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Responses of N2O and Ch4 Fluxes to Fertilizer Nitrogen Addition Rates in an Irrigated Wheat-maize Cropping System in Northern China : Volume 8, Issue 5 (22/09/2011)

By Liu, C.

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Book Id: WPLBN0004005984
Format Type: PDF Article :
File Size: Pages 31
Reproduction Date: 2015

Title: Responses of N2O and Ch4 Fluxes to Fertilizer Nitrogen Addition Rates in an Irrigated Wheat-maize Cropping System in Northern China : Volume 8, Issue 5 (22/09/2011)  
Author: Liu, C.
Volume: Vol. 8, Issue 5
Language: English
Subject: Science, Biogeosciences, Discussions
Collections: Periodicals: Journal and Magazine Collection, Copernicus GmbH
Publication Date:
Publisher: Copernicus Gmbh, Göttingen, Germany
Member Page: Copernicus Publications


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Zheng, X., Liu, C., & Wang, K. (2011). Responses of N2O and Ch4 Fluxes to Fertilizer Nitrogen Addition Rates in an Irrigated Wheat-maize Cropping System in Northern China : Volume 8, Issue 5 (22/09/2011). Retrieved from

Description: State Key Laboratory of Atmospheric Boundary Layer Physics and Atmospheric Chemistry (LAPC), Institute of Atmospheric Physics, Chinese Academy of Sciences (IAP-CAS), Beijing 100029, China. Model and field studies generally posit that when the application rates of nitrogen fertilizer exceed crop needs, nitrous oxide (N2O) emissions will increase nonlinearly, though linear responses are also extensively reported by field studies. We conducted year-round measurements of crop yield, N2O and methane (CH4) fluxes for treatments of six nitrogen levels (0, 135, 270, 430, 650 and 850 kg N ha−1 yr−1 in the form of urea) in a typical irrigated wheat-maize rotation field in northern China. Linear models characterized the responses of cumulative N2O emissions to fertilizer rates well; therefore, the calculated N2O emission factors of 0.17 ± 0.03%, 0.73 ± 0.07% and 0.49 ± 0.06% for the wheat season, maize season and annual scale, respectively, were appropriate for the different fertilizer rates. The cumulative CH4 uptake by the soil tended to be enhanced at higher fertilizer rates (≥350 kg N ha−1) in the maize season whereas no effect was observed for the wheat season. The crop yields stopped increasing at fertilizer rates greater than 650 kg N ha−1 yr−1. When the annual fertilizer rates increased from 270 to 430, from 270 to 650 and from 270 to 850 kg N ha−1 yr−1, the crop yields increased only 4–15% (0.6–2.2 t ha−1 yr−1), but cumulative N2O emissions increased 36–115 % (0.9–3.0 kg N ha−1 yr−1). We recommend 270 kg N ha−1 yr−1 as the locally optimum fertilizer rate. Considering the N inputs by fertilization (270 kg N ha−1 yr−1), irrigation (4.3 ± 0.2 kg N ha−1 yr−1) and deposition (wet deposition: 30.5 ± 1.5 kg N ha−1 yr−1), the slightly positive soil N balance could maintain the current crop yield (>14 t ha−1 yr−1) and reduce the present high N2O emissions (>3.51 kg N ha−1 yr−1) of the local farmers' practice (fertilizer rate: >430 kg N ha−1 yr−1).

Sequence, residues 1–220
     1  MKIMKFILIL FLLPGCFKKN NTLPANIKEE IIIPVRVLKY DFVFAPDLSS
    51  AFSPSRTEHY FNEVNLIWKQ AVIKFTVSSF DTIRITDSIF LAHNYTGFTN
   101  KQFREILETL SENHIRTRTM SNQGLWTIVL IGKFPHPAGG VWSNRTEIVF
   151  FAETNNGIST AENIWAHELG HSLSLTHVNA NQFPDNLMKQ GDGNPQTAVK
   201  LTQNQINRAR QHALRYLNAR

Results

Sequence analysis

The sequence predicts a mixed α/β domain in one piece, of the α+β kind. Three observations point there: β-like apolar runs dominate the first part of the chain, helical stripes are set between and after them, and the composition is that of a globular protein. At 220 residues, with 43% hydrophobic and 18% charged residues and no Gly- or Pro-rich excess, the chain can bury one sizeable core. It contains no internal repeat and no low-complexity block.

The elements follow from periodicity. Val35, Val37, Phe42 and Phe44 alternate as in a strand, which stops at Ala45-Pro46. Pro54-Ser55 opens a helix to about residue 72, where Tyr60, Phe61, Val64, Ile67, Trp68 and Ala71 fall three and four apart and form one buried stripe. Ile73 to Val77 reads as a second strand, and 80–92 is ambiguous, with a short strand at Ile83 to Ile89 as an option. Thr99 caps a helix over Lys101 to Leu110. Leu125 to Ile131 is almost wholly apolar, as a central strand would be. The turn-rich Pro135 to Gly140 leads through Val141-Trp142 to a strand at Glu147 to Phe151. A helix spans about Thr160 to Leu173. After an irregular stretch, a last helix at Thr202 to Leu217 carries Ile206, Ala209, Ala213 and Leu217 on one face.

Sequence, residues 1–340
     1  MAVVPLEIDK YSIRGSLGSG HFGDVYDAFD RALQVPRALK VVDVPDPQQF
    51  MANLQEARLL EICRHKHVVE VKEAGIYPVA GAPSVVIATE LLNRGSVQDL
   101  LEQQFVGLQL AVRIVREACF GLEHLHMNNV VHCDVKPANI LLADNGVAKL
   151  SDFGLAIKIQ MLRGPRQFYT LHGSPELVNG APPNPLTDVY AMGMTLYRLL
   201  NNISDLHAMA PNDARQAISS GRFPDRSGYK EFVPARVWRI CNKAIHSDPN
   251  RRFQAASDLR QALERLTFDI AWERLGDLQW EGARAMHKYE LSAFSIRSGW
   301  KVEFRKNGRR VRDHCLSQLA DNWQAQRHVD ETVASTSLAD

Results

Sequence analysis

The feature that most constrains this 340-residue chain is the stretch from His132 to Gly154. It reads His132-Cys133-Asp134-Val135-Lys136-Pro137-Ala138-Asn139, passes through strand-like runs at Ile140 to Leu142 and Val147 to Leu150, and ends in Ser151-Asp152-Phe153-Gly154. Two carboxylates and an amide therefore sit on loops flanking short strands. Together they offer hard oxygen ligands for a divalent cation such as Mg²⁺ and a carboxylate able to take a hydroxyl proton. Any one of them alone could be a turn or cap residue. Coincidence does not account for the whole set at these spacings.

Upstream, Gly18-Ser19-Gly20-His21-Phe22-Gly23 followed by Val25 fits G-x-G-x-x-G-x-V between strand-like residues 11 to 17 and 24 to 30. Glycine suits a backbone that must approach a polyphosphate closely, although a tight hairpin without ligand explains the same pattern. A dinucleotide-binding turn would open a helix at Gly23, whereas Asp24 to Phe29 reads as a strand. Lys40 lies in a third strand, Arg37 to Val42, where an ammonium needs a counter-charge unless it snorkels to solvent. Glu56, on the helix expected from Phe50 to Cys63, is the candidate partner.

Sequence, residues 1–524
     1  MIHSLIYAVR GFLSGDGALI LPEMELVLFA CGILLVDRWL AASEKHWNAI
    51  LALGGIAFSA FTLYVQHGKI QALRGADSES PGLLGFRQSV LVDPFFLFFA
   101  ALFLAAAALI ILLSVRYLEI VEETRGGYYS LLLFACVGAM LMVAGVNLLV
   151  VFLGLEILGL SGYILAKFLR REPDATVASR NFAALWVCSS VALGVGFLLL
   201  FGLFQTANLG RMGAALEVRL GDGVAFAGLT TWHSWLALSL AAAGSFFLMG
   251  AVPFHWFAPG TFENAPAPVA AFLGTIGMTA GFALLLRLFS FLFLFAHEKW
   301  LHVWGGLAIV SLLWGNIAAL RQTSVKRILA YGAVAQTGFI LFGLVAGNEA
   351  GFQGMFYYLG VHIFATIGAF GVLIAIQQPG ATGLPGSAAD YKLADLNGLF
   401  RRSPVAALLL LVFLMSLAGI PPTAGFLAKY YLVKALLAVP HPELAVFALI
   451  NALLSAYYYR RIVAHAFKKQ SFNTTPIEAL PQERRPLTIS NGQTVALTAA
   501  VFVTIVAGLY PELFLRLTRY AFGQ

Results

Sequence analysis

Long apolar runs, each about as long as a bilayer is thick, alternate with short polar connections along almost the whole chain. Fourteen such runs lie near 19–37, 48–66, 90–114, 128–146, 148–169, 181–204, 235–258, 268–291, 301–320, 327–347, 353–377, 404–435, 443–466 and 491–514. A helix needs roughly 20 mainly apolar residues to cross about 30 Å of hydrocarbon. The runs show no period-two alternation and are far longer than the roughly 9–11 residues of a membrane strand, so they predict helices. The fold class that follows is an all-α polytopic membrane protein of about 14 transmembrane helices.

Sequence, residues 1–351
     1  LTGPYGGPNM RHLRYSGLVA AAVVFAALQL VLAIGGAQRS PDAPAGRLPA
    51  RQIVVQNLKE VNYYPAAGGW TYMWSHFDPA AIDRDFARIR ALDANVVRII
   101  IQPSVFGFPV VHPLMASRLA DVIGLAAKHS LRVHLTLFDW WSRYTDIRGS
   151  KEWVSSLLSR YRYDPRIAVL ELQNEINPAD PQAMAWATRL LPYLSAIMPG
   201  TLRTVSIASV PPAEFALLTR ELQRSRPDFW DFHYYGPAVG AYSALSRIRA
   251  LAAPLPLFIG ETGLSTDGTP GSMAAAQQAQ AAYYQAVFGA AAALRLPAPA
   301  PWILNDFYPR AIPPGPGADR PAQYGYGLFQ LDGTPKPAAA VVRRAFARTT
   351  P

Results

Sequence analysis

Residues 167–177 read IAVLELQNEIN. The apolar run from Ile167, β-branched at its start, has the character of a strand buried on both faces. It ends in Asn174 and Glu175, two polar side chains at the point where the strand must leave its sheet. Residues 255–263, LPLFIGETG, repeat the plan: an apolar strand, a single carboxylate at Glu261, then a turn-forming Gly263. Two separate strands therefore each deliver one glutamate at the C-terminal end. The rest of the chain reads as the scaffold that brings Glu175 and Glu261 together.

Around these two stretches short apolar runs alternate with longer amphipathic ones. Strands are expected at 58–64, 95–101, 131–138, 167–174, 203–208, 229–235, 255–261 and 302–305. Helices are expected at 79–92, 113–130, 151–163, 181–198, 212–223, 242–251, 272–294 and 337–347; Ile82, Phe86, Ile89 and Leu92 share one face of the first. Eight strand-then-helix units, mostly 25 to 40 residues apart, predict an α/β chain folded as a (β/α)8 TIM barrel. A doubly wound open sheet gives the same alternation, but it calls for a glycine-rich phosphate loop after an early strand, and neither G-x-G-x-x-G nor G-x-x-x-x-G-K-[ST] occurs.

Responses of N2O and CH4 fluxes to fertilizer nitrogen addition rates in an irrigated wheat-maize cropping system in northern China

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